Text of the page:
Columbia Global Freedom of Expression seeks to contribute to the development of an integrated and progressive jurisprudence and understanding on freedom of expression and information around the world.  It maintains an extensive database of international case law. This is its newsletter dealing with recent developments  in the field.

Community Highlights and Recent News

● Council of Europe Commissioner for Human Rights and Global Freedom of Expression expert, Dunja Mijatović, published a Recommendation entitled “Unboxing artificial intelligence: 10 steps to protect human rights,” which provides a number of steps national authorities can take to maximise the potential of artificial intelligence systems and mitigate negative impacts through enhanced protections for data, privacy, freedom of expression and freedom of assembly and association, among others.

● Agnès Callamard, Director of Columbia Globel Freedom of Expression and the Special Rapporteur on extrajudicial, summary or arbitrary executions, and Irene Khan, the Special Rapporteur on the right to freedom of opinion and expression have called for the immediate release of detained activist and opposition leader Alexei Navalny by the Russian Federation. They further condemn the arrest of protestors and Navalny’s supporters who were engaging in peaceful assembly.

● The Cyrilla Consortium has published the first in a series of forthcoming reports on digital rights, “What’s sex got to do with it? Mapping the impact of questions of gender and sexuality on the evolution of the digital rights landscape in India.” The India Democracy Project analyzed key High Court and Supreme Court cases to find that when courts put gender and sexuality rights front and centre, over “protecting middle class morality”, possibilities to meaningfully exercise women’s rights immediately expand.

Decisions this Week

South Africa
Economic Freedom Fighters v. Minister of Justice
Decision Date: November 27, 2020
The South African Constitutional Court held that a provision criminalizing incitement to “any offence” was overly broad and an infringement of the right to freedom of expression. After a political leader was charged with incitement for encouraging his supporters to occupy land, the political party challenged the constitutionality of the offence. By acknowledging the apartheid context of the offence, the Court noted that it should not be a criminal offence to challenge laws which an individual believes to be unjust. The Court recognized the need for a crime of incitement but found that restricting the offence to incitement to “serious offences” would meet the objectives of crime prevention while not unjustifiably limiting the right to freedom of expression.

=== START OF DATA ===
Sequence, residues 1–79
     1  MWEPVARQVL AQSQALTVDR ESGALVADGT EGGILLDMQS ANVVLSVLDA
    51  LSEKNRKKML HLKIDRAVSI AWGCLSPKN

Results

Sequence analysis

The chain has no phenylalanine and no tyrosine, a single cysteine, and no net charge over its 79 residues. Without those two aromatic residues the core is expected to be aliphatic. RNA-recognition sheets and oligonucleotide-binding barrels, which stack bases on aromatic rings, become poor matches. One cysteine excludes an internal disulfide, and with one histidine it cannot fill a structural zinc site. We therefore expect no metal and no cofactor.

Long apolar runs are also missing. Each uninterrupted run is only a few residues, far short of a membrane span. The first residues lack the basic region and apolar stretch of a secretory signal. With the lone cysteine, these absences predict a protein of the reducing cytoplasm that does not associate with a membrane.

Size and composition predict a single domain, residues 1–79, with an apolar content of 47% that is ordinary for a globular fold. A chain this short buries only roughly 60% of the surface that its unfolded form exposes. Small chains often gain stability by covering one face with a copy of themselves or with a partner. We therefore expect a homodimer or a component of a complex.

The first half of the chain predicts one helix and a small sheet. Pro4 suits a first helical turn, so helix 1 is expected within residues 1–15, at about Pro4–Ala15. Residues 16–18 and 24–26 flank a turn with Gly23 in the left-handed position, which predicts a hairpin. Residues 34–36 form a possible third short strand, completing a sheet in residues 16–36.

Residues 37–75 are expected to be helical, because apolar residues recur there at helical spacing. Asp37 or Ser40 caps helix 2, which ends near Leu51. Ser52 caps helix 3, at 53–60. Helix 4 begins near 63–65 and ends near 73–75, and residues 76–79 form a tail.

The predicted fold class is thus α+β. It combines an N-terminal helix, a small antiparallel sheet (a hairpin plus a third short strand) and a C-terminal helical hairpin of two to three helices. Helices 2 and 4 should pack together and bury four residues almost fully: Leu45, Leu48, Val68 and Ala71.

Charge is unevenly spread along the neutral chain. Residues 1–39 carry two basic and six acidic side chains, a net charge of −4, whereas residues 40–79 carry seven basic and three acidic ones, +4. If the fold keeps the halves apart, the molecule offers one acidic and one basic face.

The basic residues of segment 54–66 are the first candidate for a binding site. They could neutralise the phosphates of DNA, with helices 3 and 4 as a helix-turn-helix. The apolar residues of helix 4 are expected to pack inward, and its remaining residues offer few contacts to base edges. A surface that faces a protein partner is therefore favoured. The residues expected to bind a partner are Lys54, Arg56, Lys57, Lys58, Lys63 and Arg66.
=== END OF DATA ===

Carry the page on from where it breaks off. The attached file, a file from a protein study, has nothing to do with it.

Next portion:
United States
Donald J. Trump for President, Inc. v. CNN Broadcasting, Inc.
Decision Date: November 12, 2020
The United States District Court for Atlanta Georgia dismissed a libel claim relating to a CNN article on the ground that it failed to prove actual malice against the defendants. The plaintiff, Donald J. Trump for President, Inc., claimed that a libelous statement was made within a CNN article that alleged that the Trump Campaign was considering seeking Russia’s help in the 2020 election, and that the defendants (the CNN corporations) knew it was false at the time of publication. Whilst the Court found the piece contained an actionable defamatory statement because it read not as an opinion but as a fact, it did not agree that the statement was published with actual malice, requiring knowledge of its falsity or in a manner that recklessly disregarded its falsity. Actual malice was a standard that applied since the plaintiff was a public figure. The plaintiff was allowed the opportunity to file an amended complaint.

Jacob George v. The Secretary
Decision Date: May 15, 2020
The High Court of Karnataka directed the central government to consider granting compensation for media persons and newspaper delivery agents in case of death due to COVID-19. The petitioners contended that the media personnel were largely left out of the compensation schemes being announced by the government for medical and police personnel. After considering the crucial role played by journalists and media personnel in disseminating and conveying information to the citizens about the impact of the pandemic by risking their own lives, the judge was of the opinion that the journalists were carrying out essential duties just like police, doctors and nurses and that their role in a democracy could not be underestimated or undermined.

Post Scriptum

● Dr. Natalie Alkiviadou, Senior Research Fellow at the Future of Free Speech, discusses the fundamental right of freedom of expression and its correlation with humor, satire and parody in a Legal Matters podcast. She presents the recent case of a satirical twitter account under investigation for making fun of Emily Yiolitis, the Cypriot Minister of Justice, as a jumping off point to explain ECHR jurisprudence and how its compares to such protections under the First Amendment in the U.S.

Columbia Global Freedom of Expression has recently published a series of case analyses of seminal ECtHR rulings relating to satire and humour:

● The Guardian reports that Biden administration will declassify an intelligence report into the murder by the Saudi government of journalist Jamal Khashoggi. Agnès Callamard, Director of Columbia Global Freedom of Expression and the UN special rapporteur on extrajudicial killings, hopes the report will shed light on the whereabouts of Khashoggi’s remains, and whether a risk assessment had ever been done by the US about whether Khashoggi was in danger before his trip to Turkey.

This newsletter is reproduced with the permission of Global Freedom of Expression.  For an archive of previous newsletters, see here.